Crawdaddy’s Early Catalogue Now Up for Grabs

Videos by American Songwriter

Videos by American Songwriter


A spearhead in boot-strapping rock criticism, propelling it out of the fan-club gutters and into a respectable form, Crawdaddy! magazine wrote the manual for latter print giants like Creem and Rolling Stone.

A spearhead in boot-strapping rock criticism, propelling it out of the fan-club gutters and into a respectable form, Crawdaddy! magazine wrote the manual for latter print giants like Creem and Rolling Stone. Born in ’66 from the college desk of 17-year-old Paul Williams, the grassroots pub featured foundational writers like Jon Landau, Sandy Pearlman and Richard Meltzer, and even boasts the first profile of rock icon Bruce Springsteen in its March, ’73 issue. With an on-and-off circulation through the decades, its recent purchase by Wolfgang’s Vault—a cache of live recordings and vintage memorabilia—has allowed the mag a much-needed revival.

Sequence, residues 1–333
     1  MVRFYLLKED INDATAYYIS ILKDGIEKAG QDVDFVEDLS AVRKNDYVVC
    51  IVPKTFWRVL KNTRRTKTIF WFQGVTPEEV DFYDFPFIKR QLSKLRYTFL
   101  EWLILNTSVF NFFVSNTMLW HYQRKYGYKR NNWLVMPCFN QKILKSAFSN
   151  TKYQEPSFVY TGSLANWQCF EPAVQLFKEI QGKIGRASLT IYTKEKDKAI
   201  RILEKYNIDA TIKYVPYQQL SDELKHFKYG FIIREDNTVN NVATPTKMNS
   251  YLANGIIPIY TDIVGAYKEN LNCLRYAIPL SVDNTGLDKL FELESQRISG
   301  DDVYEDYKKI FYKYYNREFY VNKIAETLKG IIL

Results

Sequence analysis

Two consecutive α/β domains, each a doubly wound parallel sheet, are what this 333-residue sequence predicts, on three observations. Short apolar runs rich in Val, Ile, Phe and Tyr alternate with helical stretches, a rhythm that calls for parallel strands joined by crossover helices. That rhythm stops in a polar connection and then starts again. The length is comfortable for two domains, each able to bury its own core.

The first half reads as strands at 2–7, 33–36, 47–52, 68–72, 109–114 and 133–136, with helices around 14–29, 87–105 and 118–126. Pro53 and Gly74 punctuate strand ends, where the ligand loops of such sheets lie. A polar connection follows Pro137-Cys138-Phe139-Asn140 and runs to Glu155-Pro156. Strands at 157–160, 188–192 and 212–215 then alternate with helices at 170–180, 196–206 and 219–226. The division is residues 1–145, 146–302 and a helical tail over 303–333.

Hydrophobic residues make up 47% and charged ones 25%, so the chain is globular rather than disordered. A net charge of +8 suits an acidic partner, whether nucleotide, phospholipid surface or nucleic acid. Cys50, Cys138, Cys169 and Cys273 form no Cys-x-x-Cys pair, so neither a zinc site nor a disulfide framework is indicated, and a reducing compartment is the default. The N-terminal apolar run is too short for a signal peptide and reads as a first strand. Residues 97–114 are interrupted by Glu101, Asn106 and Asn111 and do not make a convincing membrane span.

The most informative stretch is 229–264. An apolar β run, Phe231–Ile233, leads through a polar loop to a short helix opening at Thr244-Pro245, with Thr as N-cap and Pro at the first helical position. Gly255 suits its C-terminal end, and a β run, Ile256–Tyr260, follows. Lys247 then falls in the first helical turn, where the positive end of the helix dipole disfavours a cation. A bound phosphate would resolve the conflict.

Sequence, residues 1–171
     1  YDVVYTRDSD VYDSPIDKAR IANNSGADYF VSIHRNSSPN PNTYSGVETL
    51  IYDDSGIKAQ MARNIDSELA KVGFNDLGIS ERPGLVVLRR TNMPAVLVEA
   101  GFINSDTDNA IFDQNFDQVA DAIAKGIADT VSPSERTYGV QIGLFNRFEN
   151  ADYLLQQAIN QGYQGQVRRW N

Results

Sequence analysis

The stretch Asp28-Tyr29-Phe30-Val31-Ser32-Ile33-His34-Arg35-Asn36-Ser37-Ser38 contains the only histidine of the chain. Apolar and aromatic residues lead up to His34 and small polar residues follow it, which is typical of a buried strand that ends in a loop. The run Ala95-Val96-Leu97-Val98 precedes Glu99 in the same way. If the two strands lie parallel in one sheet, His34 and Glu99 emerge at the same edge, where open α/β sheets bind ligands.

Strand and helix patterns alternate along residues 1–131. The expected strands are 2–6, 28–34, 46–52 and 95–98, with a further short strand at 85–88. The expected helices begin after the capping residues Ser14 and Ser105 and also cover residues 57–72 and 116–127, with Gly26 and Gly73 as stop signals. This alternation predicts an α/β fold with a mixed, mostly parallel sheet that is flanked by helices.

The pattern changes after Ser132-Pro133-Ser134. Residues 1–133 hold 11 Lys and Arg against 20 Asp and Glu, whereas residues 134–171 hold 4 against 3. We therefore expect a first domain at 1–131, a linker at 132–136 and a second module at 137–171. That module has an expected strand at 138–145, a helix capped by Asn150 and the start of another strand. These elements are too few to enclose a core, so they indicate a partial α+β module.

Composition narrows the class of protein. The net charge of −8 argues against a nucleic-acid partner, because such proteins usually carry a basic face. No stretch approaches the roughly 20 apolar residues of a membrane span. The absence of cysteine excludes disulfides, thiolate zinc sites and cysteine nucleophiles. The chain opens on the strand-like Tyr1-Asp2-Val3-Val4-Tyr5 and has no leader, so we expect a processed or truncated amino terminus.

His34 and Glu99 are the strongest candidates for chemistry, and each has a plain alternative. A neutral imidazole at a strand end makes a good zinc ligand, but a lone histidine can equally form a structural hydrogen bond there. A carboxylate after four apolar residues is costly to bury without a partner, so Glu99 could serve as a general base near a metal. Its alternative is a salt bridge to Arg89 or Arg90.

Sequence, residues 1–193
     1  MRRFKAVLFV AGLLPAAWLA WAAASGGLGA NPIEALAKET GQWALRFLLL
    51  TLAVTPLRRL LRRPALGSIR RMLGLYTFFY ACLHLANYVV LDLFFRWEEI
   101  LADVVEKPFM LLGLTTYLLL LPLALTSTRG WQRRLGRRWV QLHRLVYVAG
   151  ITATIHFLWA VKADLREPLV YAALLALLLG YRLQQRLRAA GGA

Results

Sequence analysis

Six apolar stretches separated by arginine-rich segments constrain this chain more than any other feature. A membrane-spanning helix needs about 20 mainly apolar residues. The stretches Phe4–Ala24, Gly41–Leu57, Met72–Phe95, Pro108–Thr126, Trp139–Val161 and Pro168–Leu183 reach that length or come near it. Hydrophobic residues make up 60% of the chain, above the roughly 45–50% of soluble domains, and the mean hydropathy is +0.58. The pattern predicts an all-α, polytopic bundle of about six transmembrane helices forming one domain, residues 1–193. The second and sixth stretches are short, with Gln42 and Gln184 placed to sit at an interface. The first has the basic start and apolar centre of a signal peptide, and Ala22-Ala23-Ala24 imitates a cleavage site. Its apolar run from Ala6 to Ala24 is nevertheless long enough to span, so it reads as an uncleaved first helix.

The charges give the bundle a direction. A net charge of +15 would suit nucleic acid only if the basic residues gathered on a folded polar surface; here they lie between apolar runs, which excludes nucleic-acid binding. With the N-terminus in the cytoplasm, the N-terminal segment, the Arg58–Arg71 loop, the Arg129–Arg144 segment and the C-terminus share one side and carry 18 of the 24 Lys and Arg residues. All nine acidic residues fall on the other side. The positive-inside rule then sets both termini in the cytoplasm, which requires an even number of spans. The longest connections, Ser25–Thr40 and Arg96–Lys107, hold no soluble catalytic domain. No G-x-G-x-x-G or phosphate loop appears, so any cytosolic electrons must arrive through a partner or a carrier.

As part of that effort, Crawdaddy! has posted its first 19 issues pro-bono on its website, dating from its premiere cut-and-paste fanzine in Februrary ’66 to its more polished editions in late ’68. Ranging from quick-hit reviews of 45s like Simon & Garfunkel’s “Homeward Bound” to an in-depth analysis of Bob Dylan, Williams’ labor of love can now be read cover to cover, blemishes in-tact and groundbreaking in substance. 


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